New England’s Migratory Birds Like To Eat Local

As you’re prepping your Thanksgiving feast, you might take a page from New England’s migratory birds. Turns out, these feathered creatures are health-conscious locavores.

A new study published in the journal Biological Conservation finds that given the choice, birds traveling through New England will almost always opt for native fruits like blueberries and raspberries over invasive ones like Asian bittersweet and multiflora rose — even when the latter is far more prevalent.

Previous research has found that native fruits are more nutritious than their invasive counterparts. “They can’t be eating ‘fast food’ before they take off on really long migrations,” says ecologist Amanda Gallinat at the Utah State University, who led the new study. “They need something with high energy.” 

“We did expect to see a preference for native fruits over invasive fruits, but still thought we would see some uptick in invasive fruits eaten in late-autumn, just because they are so abundant,” says lead researcher Amanda Gallinat. “We were genuinely surprised by how strong the preference for native fruits turned out to be.”

Jeff Ritterson, a field ornithologist at Mass Audubon, calls the finding “a great contribution to the literature on how climate change is affecting our bird populations.”

A hermit thrush, which migrates in late autumn thanks to climate change, increasingly encounters invasive fruits like the multiflora rose above. But the birds don’t really eat them, the study finds. (Courtesy Jeremiah Trimble)

“Understanding how climate change influences the complexities of the natural world is an important first step in developing appropriate conservation measures,” he says. “These complexities include food availability and preference, and how that may contribute to the spread and associated habitat degradation caused by invasive plant species.”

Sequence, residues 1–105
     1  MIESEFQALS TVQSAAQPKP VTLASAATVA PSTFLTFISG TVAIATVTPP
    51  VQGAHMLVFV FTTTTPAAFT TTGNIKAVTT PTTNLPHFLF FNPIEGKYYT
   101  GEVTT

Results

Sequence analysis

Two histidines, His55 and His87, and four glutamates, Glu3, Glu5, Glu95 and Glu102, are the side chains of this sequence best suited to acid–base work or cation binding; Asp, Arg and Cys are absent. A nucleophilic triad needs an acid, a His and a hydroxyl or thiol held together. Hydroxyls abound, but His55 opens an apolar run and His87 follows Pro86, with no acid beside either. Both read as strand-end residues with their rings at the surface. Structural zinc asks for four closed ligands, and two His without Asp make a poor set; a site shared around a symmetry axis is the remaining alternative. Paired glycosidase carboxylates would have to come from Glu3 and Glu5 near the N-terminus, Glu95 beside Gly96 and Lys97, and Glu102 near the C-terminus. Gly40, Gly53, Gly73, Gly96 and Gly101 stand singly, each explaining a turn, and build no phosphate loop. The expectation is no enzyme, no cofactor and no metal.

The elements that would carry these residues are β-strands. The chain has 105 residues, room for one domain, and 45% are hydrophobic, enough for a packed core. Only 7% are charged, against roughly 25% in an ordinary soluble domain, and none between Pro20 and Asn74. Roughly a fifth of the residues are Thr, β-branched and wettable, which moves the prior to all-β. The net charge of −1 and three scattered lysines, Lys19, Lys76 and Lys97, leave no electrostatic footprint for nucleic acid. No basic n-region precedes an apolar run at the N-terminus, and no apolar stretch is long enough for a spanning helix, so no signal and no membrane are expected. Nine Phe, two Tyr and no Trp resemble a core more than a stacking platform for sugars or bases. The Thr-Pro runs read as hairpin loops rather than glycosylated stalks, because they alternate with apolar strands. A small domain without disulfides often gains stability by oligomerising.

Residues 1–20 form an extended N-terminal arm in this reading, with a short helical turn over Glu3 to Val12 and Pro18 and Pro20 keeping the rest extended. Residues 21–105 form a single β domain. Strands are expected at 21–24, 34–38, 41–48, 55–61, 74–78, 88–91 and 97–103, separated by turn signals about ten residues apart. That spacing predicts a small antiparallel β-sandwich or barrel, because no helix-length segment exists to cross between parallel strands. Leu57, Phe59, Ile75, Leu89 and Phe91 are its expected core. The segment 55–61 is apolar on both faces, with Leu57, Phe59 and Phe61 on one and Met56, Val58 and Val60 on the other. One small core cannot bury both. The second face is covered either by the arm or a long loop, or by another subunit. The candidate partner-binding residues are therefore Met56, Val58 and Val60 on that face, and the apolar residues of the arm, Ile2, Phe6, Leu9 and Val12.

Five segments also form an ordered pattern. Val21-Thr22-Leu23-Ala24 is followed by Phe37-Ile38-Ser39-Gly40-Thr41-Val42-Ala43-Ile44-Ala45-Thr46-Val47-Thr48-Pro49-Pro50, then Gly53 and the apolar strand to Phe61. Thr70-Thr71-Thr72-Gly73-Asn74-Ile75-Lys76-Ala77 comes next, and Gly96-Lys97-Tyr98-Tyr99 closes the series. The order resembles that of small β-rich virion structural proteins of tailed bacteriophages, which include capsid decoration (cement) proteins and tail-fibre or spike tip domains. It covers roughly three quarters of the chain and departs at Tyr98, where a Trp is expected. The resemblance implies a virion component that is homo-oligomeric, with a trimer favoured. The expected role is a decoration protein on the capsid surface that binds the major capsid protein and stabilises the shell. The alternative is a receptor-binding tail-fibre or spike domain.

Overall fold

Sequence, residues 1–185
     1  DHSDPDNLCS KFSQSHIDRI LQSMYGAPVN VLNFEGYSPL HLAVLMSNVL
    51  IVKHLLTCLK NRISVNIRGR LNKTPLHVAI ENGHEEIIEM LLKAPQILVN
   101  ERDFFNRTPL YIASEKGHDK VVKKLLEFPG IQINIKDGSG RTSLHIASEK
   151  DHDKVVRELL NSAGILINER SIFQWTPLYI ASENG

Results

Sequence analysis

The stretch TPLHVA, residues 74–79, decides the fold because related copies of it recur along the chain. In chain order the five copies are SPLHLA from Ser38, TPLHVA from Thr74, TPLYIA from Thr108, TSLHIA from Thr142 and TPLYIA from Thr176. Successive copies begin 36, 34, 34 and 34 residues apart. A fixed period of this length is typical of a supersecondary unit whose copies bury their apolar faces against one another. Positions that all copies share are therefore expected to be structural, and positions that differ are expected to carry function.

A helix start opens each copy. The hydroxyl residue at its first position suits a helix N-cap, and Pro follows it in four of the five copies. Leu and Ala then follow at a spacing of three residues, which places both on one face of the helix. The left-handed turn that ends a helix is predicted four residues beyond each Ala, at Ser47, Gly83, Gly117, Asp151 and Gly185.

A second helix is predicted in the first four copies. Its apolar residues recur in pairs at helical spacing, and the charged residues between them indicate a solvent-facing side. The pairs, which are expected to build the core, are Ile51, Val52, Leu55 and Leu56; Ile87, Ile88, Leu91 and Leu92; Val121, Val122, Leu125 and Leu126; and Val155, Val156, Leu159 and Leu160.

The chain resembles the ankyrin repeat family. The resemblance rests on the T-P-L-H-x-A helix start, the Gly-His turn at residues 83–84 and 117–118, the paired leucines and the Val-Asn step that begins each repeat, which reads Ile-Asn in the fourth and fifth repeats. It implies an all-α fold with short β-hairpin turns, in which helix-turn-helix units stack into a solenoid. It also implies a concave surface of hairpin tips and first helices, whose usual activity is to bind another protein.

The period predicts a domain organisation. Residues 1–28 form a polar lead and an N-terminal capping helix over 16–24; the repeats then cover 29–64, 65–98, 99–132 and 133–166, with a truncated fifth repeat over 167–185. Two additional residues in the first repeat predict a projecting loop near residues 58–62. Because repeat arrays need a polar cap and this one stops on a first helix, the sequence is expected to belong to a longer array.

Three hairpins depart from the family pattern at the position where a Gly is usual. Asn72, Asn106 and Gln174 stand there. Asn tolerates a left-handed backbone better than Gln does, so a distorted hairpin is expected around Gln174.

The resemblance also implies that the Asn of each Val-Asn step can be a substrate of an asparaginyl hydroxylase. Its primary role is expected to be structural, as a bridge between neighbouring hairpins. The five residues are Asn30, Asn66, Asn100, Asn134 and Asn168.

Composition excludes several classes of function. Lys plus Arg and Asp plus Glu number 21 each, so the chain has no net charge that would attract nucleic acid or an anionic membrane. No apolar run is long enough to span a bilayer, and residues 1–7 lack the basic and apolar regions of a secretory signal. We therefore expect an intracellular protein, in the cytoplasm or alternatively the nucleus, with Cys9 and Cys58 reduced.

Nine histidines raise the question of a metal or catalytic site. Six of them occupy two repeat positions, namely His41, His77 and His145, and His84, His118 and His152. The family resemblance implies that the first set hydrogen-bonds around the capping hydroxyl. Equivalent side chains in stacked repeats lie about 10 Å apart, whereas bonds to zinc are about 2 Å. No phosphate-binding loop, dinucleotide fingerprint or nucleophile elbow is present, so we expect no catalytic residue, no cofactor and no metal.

Gallinat, who is now at Utah State University, says her interest in bird diets began a few years ago when she was a doctoral student at Boston University and helped a colleague research whether climate change was affecting birds’ migration.

“We found that birds are delaying their migration, and particularly doing that in response to warming temperatures,” she says. “In thinking about this, I realized that … would probably affect what fruits were available when birds were migrating through New England.”

We were genuinely surprised by how strong the preference for native fruits turned out to be.

AMANDA GALLINAT, THE STUDY’S LEAD RESEARCHER

There’s some research about how climate change is affecting bird diets in the spring months, she says, but little work has been done in the autumn. So with her research partners — Richard Primack of BU and Trevor Lloyd-Evans of the Manomet Center — Gallinat tried to fill that void.

“One thing we wanted to understand was what the schedule of fruiting is like in Massachusetts and across New England. And so we went out and we monitored when plants were fruiting,” she says.

They observed 25 native and invasive fruiting shrubs and trees near the Manomet Center in Plymouth — a popular fly-over spot for migrating birds — and found that on average, invasive plant fruit three to four weeks later than native ones.